ECONOMY

Analysis: Getting Legislative Permission to Do Business

A Tesla Model S. The California-based electric automaker had considered Texas for its $5 billion lithium-ion battery factory. The company is also hoping to sell cars in Texas but does not have required franchise dealerships, as state law requires.
A Tesla Model S. The California-based electric automaker had considered Texas for its $5 billion lithium-ion battery factory. The company is also hoping to sell cars in Texas but does not have required franchise dealerships, as state law requires.

When lawmakers are not working on all of the things you hear about — budgets, education, immigration and so on — they are often refereeing fights between businesses. And some of next year's battles are already shaping up.

Report: Texas Loses Bid For Tesla "Gigafactory"

A Tesla Model S. The California-based electric automaker had considered Texas for its $5 billion lithium-ion battery factory. The company is also hoping to sell cars in Texas but does not have required franchise dealerships, as state law requires.
A Tesla Model S. The California-based electric automaker had considered Texas for its $5 billion lithium-ion battery factory. The company is also hoping to sell cars in Texas but does not have required franchise dealerships, as state law requires.

After a drawn-out competition, Texas has lost out on Tesla Motors' $5 billion lithium-ion battery plant, according to a news report. CNBC reports that the upscale electric carmaker had chosen the Silver State to be home to its “gigafactory.” 

Series: Bypassed by the Miracle

Keller ISD Superintendent Randy Reid spoke during an Aug. 11, 2014, town hall meeting, where attendees debated whether to put a $175 million bond up to Keller ISD voters in the general election.
Keller ISD Superintendent Randy Reid spoke during an Aug. 11, 2014, town hall meeting, where attendees debated whether to put a $175 million bond up to Keller ISD voters in the general election.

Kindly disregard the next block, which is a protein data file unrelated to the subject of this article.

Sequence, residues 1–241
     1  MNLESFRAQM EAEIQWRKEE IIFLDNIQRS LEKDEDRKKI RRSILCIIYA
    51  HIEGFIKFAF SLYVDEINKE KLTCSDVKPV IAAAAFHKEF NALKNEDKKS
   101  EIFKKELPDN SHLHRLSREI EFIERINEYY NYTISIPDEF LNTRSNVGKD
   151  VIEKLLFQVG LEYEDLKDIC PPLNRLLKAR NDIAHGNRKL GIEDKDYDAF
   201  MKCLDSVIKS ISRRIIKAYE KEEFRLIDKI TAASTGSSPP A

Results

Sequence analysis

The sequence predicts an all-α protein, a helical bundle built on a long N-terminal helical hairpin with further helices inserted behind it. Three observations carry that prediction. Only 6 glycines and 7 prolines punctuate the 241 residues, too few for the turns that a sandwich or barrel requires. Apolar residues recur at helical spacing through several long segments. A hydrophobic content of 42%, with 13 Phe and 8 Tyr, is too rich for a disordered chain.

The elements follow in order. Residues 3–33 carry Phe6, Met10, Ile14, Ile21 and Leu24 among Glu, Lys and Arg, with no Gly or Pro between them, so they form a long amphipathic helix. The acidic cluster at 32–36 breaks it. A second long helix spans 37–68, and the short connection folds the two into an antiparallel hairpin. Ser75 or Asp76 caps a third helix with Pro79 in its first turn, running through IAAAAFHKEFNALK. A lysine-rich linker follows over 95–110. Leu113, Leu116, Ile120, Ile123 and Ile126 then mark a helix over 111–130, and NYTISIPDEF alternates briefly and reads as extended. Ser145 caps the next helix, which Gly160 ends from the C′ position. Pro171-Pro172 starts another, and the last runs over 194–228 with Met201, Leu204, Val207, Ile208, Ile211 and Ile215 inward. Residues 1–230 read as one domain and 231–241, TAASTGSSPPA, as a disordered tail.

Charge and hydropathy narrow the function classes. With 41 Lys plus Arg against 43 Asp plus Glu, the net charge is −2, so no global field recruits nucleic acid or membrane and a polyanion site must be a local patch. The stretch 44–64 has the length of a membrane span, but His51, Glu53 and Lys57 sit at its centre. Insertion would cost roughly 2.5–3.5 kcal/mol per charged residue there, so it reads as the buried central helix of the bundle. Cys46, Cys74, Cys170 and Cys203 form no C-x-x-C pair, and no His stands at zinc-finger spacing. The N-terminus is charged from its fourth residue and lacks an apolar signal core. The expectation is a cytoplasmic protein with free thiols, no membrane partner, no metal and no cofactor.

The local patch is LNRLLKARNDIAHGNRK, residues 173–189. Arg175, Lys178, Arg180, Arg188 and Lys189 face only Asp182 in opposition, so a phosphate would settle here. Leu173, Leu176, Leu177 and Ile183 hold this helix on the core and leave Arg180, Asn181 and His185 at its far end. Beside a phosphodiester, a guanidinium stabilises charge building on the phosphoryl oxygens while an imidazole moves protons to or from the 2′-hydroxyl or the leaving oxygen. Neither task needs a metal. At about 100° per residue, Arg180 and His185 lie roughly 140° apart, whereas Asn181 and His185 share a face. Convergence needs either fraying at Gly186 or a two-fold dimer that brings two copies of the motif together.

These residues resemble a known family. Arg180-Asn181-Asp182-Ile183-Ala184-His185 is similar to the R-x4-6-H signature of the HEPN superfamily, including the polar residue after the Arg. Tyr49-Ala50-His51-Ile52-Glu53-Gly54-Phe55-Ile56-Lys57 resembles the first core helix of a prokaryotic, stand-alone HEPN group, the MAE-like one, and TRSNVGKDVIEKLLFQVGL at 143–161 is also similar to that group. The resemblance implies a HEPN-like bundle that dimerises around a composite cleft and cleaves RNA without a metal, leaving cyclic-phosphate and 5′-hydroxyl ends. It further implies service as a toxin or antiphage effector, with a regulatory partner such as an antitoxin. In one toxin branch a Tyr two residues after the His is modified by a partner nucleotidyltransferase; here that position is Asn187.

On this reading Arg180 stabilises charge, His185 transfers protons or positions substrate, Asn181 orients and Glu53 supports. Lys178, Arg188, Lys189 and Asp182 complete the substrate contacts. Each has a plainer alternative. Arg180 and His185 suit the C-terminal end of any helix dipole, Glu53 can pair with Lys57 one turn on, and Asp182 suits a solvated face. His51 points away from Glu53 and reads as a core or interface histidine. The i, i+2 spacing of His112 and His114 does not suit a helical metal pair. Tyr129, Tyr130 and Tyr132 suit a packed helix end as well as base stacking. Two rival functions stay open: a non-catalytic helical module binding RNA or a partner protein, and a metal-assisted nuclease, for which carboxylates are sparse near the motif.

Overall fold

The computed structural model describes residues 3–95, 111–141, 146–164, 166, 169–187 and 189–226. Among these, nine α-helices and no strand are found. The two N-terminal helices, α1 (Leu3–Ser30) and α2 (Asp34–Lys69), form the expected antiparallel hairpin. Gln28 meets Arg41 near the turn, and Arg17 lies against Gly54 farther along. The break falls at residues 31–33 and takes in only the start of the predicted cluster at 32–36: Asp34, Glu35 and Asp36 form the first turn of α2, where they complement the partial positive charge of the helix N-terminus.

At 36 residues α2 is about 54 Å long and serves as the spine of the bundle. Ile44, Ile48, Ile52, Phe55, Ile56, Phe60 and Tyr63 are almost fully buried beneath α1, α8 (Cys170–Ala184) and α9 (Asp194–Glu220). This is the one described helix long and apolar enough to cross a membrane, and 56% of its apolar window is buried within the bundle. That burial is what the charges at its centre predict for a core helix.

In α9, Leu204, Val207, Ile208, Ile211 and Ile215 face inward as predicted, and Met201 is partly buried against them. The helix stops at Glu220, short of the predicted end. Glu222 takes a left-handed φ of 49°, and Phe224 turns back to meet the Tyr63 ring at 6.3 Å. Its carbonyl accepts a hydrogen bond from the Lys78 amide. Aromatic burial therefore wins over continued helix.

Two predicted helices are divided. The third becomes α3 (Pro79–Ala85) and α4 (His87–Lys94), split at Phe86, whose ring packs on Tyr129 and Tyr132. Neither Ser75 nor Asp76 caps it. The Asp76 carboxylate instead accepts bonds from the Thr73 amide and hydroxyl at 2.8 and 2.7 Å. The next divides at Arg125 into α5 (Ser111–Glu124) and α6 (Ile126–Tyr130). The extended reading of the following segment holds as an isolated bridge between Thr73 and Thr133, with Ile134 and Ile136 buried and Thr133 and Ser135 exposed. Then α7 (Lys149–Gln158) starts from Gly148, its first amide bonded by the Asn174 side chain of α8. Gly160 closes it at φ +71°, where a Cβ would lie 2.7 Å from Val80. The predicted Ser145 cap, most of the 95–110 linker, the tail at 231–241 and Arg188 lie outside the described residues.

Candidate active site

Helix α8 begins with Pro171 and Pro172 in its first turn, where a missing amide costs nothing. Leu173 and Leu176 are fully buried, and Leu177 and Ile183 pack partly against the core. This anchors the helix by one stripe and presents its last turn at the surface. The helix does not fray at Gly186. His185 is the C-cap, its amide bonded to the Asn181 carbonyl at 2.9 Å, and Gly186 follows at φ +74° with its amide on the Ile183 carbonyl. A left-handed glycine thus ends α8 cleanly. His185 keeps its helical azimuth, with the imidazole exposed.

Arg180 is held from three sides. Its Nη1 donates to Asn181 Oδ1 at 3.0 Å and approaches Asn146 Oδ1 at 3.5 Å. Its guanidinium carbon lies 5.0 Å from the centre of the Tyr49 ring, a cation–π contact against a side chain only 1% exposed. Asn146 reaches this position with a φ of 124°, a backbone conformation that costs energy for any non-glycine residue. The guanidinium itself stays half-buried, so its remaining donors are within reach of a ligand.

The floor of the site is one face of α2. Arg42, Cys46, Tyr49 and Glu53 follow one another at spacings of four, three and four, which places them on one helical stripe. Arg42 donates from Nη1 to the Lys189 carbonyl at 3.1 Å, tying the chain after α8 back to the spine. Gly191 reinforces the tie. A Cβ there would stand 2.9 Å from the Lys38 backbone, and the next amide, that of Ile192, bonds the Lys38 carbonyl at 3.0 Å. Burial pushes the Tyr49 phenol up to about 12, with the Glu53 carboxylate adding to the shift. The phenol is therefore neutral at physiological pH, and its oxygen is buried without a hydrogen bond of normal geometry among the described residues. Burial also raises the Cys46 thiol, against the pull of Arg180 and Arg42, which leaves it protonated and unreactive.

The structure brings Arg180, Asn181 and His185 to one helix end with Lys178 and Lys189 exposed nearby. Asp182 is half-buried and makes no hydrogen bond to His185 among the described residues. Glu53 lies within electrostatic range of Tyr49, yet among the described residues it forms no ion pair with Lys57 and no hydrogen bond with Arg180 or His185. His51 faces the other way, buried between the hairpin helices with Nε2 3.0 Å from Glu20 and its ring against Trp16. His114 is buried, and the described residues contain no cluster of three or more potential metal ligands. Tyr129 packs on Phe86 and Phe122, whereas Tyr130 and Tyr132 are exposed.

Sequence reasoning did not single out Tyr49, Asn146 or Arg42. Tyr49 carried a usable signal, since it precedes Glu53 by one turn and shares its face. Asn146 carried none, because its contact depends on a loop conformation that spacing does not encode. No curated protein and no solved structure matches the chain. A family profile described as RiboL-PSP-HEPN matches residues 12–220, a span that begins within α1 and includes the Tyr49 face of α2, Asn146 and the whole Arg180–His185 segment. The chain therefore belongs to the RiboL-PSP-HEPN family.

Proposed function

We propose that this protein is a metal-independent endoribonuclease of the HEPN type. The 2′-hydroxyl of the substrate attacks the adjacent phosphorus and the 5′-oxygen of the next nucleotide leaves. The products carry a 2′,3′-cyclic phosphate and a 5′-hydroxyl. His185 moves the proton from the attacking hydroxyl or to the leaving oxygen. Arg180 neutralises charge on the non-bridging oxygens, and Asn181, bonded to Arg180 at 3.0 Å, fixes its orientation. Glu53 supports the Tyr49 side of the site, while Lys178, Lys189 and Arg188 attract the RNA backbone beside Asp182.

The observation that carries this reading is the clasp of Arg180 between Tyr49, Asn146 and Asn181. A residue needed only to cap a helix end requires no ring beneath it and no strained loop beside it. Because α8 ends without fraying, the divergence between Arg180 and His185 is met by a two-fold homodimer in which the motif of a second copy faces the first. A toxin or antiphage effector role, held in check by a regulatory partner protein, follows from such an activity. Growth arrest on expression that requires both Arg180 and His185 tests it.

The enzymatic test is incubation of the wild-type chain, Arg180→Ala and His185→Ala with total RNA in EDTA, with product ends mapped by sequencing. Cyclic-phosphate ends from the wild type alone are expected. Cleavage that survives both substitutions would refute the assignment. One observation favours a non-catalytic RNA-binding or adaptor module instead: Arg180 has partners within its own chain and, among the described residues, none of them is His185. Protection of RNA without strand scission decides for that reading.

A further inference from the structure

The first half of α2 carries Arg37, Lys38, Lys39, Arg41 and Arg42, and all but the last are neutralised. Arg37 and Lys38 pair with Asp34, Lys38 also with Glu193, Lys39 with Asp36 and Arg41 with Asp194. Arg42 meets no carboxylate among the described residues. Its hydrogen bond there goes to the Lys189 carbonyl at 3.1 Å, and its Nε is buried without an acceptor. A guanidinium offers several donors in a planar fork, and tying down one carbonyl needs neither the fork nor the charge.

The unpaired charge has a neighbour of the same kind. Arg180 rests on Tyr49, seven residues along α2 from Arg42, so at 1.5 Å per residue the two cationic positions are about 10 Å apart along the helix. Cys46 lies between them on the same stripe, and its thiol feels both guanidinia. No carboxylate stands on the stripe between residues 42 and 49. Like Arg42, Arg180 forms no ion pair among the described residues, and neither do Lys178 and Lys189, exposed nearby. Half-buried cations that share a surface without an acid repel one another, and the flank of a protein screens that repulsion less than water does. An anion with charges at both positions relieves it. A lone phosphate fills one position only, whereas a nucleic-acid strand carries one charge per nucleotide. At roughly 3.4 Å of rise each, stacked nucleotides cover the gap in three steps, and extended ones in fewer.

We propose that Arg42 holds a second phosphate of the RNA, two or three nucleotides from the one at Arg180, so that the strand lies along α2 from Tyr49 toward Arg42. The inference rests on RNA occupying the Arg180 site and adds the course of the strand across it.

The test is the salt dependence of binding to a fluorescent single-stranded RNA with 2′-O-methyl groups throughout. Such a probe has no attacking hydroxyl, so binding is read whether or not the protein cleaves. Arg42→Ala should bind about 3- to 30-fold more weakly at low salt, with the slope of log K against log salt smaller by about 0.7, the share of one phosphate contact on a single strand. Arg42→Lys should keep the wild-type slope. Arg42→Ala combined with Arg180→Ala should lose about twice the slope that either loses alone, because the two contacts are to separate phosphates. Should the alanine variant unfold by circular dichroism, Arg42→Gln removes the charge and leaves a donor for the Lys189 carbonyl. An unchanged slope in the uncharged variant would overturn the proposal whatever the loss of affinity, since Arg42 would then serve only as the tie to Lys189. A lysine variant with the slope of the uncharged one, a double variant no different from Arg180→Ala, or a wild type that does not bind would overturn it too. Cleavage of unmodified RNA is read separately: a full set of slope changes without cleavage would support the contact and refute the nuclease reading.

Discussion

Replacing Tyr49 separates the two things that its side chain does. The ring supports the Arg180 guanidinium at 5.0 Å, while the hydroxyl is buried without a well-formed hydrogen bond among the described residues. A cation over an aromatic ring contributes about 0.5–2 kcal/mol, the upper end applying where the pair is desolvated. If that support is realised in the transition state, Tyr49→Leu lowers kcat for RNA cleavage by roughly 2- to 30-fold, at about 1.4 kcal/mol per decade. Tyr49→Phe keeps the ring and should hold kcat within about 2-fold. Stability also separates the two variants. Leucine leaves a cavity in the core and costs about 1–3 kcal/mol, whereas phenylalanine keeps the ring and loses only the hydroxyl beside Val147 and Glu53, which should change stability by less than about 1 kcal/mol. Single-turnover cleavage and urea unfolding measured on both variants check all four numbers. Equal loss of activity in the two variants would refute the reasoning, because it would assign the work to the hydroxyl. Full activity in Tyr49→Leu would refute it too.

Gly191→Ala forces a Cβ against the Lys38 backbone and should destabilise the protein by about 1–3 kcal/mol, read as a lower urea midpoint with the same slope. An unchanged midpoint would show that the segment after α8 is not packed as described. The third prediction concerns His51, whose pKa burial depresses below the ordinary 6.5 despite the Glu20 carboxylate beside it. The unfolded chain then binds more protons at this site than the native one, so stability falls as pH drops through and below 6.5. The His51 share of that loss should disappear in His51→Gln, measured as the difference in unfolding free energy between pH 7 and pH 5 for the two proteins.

Check out Bypassed by the Miracle, our seven-part series on the people and communities that have missed out on Texas' economic success or are finding that it comes at a price. 

Swelling Districts Find Costly Way to Grow Campuses

Leander ISD's Whitestone Elementary School, shown on Aug. 21, 2014, has six portable classrooms to help with increased student enrollment.  District officials say If the district couldn't use capital appreciation bonds to borrow money, it would have to put more students in portables.
Leander ISD's Whitestone Elementary School, shown on Aug. 21, 2014, has six portable classrooms to help with increased student enrollment. District officials say If the district couldn't use capital appreciation bonds to borrow money, it would have to put more students in portables.

Leander and other fast-growing school districts have relied heavily on a controversial financing tool called capital appreciation bonds to borrow money to expand even as they bump up against state limits on school district debt. 

Critics Charge Local Bond Elections Lack Transparency

Keller ISD Superintendent Randy Reid spoke during an Aug. 11, 2014, town hall meeting, where attendees debated whether to put a $175 million bond up to Keller ISD voters in the general election.
Keller ISD Superintendent Randy Reid spoke during an Aug. 11, 2014, town hall meeting, where attendees debated whether to put a $175 million bond up to Keller ISD voters in the general election.

Texas voters approve billions of dollars in new local debt each year. A growing group of critics argues that voters wouldn't be so agreeable if they were more clearly informed of the debt that's already owed in their name.

Local Debt Climbs as Texas Cities Deal With Growth

Between cities, school districts and counties, more than half of all Texans live in areas where the bill for taxpayer-supported debt, including expected interest, totals more than $1 billion, according to state data analyzed by The Texas Tribune.
Between cities, school districts and counties, more than half of all Texans live in areas where the bill for taxpayer-supported debt, including expected interest, totals more than $1 billion, according to state data analyzed by The Texas Tribune.

Texas cities, counties and school districts are relying more on debt to maintain services in a fast-growing state. While critics argue communities need to work harder to live within their means, local officials say the issue is not that simple.